Options for Better Defined Facial Features

Have you ever looked in the mir­ror and wished for bet­ter cheek­bones? Have you ever envied peo­ple with strong chins or well-defined jaw lines? Facial aug­men­ta­tion may be an option for you.

Implants can add bal­ance, pro­por­tion and def­i­n­i­tion to vir­tu­al­ly any area of the face, although they’re most com­mon­ly used in the cheek, jaw and chin. For cer­tain indi­vid­u­als with weak chins, we can sur­gi­cal­ly move the chin bone into a more promi­nent posi­tion.

Let’s explore your choic­es.

What is facial aug­men­ta­tion?

Facial implants are spe­cial­ly formed sol­id mate­ri­als that work with your bone and tis­sue to enhance, or aug­ment the phys­i­cal struc­ture of your face. They can be made from a vari­ety of mate­ri­als; I pre­fer a firm, porous, high-den­si­ty poly­eth­yl­ene called Med­por. Sil­i­cone implants are anoth­er option, but they hold a high­er risk of mov­ing out of posi­tion or becom­ing incor­po­rat­ed into the sur­round­ing bone tis­sue.

We can cor­rect many struc­tur­al imper­fec­tions with implants. Cheek implants can increase the pro­jec­tion of and add vol­ume to the cheek­bones. Jaw implants can increase the widths of the low­er third of the face. Chin implants can increase the size and pro­jec­tion of a small or recessed chin. All of these implants may be per­formed alone or in con­junc­tion with oth­er pro­ce­dures, such as facelifts or nose or ear surgery.

Some patients, espe­cial­ly younger peo­ple with sig­nif­i­cant­ly weak or recessed chins, may be bet­ter off with a chin osteoto­my, where the chin bone is sur­gi­cal­ly cut and repo­si­tioned. Once the bone heals, it will stay that way for­ev­er, where­as a too-large implant may move over time. You’ll also get the look you desire using only your own tis­sue, with­out arti­fi­cial mate­ri­als that car­ry a risk of infec­tion. These ben­e­fits may make this big­ger, more com­plex pro­ce­dure worth it for some peo­ple.

What hap­pens dur­ing these pro­ce­dures?

Both pro­ce­dures are done on an out­pa­tient basis, in either a hos­pi­tal or sur­gi­cal cen­ter.

For facial implants, an inci­sion is made to cre­ate a sup­port­ing pock­et beneath the skin and soft tis­sues. The inci­sion is usu­al­ly made inside the mouth, along the gum line, although for some chin implants an inci­sion just beneath the chin may be more appro­pri­ate.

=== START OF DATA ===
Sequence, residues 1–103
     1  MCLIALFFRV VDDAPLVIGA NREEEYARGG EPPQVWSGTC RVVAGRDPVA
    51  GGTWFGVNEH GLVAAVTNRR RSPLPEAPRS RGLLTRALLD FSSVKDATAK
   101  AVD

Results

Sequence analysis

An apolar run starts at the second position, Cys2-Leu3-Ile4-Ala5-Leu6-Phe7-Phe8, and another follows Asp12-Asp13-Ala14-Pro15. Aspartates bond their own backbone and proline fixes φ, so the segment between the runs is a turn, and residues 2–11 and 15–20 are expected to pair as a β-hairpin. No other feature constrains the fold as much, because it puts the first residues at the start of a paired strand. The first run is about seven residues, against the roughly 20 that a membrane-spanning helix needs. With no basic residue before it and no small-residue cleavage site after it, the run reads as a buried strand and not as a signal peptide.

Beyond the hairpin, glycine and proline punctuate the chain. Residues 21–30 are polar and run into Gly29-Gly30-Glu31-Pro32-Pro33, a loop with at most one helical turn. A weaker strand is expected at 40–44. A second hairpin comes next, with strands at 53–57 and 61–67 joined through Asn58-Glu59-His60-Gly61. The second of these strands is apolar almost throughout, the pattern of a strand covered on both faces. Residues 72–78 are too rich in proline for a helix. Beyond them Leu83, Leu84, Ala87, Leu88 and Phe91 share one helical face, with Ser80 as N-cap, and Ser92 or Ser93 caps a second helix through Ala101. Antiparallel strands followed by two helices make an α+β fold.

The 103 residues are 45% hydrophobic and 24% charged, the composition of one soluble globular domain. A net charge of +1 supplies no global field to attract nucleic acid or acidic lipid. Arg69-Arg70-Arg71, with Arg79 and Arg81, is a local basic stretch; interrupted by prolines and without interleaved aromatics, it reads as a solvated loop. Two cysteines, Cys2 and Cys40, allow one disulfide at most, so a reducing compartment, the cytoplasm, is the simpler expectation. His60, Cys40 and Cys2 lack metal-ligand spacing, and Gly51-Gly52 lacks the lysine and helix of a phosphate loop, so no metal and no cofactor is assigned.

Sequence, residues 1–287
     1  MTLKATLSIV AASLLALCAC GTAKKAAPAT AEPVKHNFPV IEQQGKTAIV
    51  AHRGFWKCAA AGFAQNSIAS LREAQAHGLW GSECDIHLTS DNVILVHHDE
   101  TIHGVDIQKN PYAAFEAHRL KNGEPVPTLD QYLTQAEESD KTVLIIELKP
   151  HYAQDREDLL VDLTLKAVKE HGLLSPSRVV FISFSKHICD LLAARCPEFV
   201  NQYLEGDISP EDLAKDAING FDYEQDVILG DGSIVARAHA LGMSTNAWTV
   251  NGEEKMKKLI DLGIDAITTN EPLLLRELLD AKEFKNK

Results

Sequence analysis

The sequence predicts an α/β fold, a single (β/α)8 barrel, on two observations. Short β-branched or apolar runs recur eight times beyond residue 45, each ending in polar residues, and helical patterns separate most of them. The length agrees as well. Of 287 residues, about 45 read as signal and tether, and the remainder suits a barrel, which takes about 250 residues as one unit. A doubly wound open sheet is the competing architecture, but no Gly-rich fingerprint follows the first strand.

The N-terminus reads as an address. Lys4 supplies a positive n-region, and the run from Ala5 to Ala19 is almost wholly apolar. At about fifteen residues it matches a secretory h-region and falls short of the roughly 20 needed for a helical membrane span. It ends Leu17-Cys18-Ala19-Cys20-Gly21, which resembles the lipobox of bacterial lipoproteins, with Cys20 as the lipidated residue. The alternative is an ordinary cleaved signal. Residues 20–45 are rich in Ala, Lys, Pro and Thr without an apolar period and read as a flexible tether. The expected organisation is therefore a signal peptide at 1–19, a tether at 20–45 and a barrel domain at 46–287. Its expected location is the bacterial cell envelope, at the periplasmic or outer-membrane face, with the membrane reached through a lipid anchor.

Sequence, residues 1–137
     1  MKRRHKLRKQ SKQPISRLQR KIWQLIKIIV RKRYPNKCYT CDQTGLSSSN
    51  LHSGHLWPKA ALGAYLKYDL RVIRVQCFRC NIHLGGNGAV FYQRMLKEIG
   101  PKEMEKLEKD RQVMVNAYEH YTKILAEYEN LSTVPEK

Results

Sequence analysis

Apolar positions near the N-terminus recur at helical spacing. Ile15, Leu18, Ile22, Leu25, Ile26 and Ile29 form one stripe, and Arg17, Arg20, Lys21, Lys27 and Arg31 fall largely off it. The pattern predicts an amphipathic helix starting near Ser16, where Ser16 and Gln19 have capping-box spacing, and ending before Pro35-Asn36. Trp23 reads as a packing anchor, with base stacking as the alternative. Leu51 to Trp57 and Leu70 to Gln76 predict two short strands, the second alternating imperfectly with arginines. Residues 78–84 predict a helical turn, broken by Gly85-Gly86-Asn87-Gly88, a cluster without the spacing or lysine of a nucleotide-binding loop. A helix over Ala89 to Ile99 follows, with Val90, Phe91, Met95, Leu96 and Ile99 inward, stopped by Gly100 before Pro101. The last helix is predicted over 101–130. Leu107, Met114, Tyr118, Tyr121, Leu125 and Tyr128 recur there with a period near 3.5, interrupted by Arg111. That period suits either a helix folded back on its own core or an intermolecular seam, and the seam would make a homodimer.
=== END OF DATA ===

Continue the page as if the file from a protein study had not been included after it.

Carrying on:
Once the implant has been posi­tioned in the pock­et made by the inci­sion, the implant will be held in place by the mus­cle and tis­sue sur­round­ing that pock­et. Occa­sion­al­ly, I’ll fur­ther sta­bi­lize the implant with sutures or sur­gi­cal screws.
For an osteoto­my, I make an inci­sion through the mouth, along the gum line in the low­er lip. I sur­gi­cal­ly cut the chin bone and repo­si­tion it as desired. I then secure the bone in its new posi­tion with tita­ni­um screws and plates.

What should I expect post-surgery?

If you’ve had an implant, your pain will be minor, but you’ll have bruis­ing and swelling for the first sev­en to ten days. If your inci­sion was made through your mouth, you may be restrict­ed to a soft food diet in the begin­ning, to help the wound heal and for your com­fort. With­in two weeks, you’ll be back to your nor­mal activ­i­ties.

If you’ve had an osteoto­my, your recov­ery will be longer and you’ll have more bruis­ing and swelling. There’s also a risk of tem­po­rary numb­ness in the lip and chin. Still, you’ll be back to all your nor­mal activ­i­ties with­in two to three weeks.
As your swelling sub­sides, you’ll begin to notice new­ly defined facial fea­tures, nat­ur­al angles, and vis­i­ble con­tours. And you’ll feel more com­fort­able with and con­fi­dent in your looks.

Imag­ine what you’ll think when you look in the mir­ror fol­low­ing your pro­ce­dure. Call the office today to sched­ule your con­sul­ta­tion, and let’s dis­cuss what options are best for you!

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